healthcare Archives - Collins College of Business


Business alumna shares insights on health care leadership

Collins College of Business alumna Kate (Flavin) McKinley (BSBA ’98, MBA ’00) is making great strides in the world of health care. Appointed chief executive officer of Elevar Therapeutics in July 2021, McKinley first joined the company in 2019 as chief commercial officer to lead its global commercial, medical affairs, business development, manufacturing, supply chain, alliance management and corporate communications functions.

Headquartered in Salt Lake City, Utah, Elevar Therapeutics is a biopharmaceutical company focused on developing treatments for cancer patients who have limited therapeutic options. Such cutting-edge work calls for impeccable leadership. Fortunately for Elevar, being an effective leader is McKinley’s specialty.

Woman smiling for professional headshot
Kate McKinley

McKinley brings her executive attributes to the highest level and recently gave the inside scoop on being CEO and what she admired most about her time at TU.

How long have you worked in the health care sector? What made you decide to pursue the business side of the field?

I have been in health care since I graduated with my MBA more than 20 years ago! I am frequently asked why I do what I do, and it comes down to two passions of mine: building high-performing teams and the opportunity to serve patients.

What aspects of being CEO of Elevar Therapeutics do you most enjoy? What projects are you most eager to work on?

I am very grateful to have the opportunity to work with and learn from my executive leadership team and the rest of my colleagues at Elevar. We are very busy building the company, hiring and retaining high performers and subject matter experts and ensuring a culture of accountability, bravery, collaboration and trust.

We have approximately six programs in clinical development for multiple solid tumor indications in oncology. The three furthest along are ovarian cancer, hepatocellular carcinoma – liver cancer and adenoid cystic carcinoma – and head and neck cancer. I am excited for upcoming meetings with the U.S. Food and Drug Administration (FDA) regarding these three programs as I believe we have the opportunity to seriously impact cancer patients’ lives. We are meeting with the FDA on clinical development guidance and new drug application timing soon. It’s exciting work!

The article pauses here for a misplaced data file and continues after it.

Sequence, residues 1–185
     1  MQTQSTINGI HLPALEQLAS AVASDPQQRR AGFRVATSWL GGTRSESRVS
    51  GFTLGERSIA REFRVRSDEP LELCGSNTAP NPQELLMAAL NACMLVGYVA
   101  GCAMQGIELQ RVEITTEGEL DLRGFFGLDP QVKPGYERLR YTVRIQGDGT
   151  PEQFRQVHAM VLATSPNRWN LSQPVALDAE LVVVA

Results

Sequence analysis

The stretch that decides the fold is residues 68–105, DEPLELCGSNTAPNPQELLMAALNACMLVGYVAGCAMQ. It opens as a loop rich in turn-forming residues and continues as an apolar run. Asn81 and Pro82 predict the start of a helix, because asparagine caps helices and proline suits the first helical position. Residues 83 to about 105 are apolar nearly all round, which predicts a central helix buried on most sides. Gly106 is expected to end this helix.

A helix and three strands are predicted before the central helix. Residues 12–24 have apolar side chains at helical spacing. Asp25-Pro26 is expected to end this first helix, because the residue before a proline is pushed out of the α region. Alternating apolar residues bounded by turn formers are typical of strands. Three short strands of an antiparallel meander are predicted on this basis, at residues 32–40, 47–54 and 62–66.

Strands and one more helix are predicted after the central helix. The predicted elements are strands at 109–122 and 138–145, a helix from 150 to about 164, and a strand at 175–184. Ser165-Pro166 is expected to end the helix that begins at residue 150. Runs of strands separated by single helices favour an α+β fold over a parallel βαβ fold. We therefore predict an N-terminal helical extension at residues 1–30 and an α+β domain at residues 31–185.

Work environments everywhere have evolved to adapt to the pandemic. What changes in health care efficacy and efficiency have you found most notable pre- to post-pandemic?

The growth in telemedicine and on-demand health care due to COVID-19 has exploded and is not poised to stop. My hope is this will lead to patients being more proactive in seeking care and not waiting too long to advocate for their needs.

Additionally, many companies have found they can be even more productive in a remote work environment and attract and retain top-tier talent. This also does not seem poised to stop as companies are seeking ways to ensure their employees remain connected to their mission and each other while leveraging the productivity benefits of remote work.

You received both your bachelor’s and master’s degrees at TU. After you completed your undergraduate degree, what made you decide to continue your education at TU? Did you have any professors that were especially influential?

The University of Tulsa’s business college offers fantastic programs. I am so glad I chose to pursue both undergrad and graduate degrees there. My TU education and experiences helped shape my entire life.

I was driven to continue my business education and pursue my MBA at TU for several reasons, some of which were the personalized education I received during my undergraduate years and the opportunity to experience hands-on learning. The internships and leadership opportunities offered throughout campus life and the flexible scheduling that allowed me to work full time and obtain my MBA were all huge components in my decision to continue my education at TU.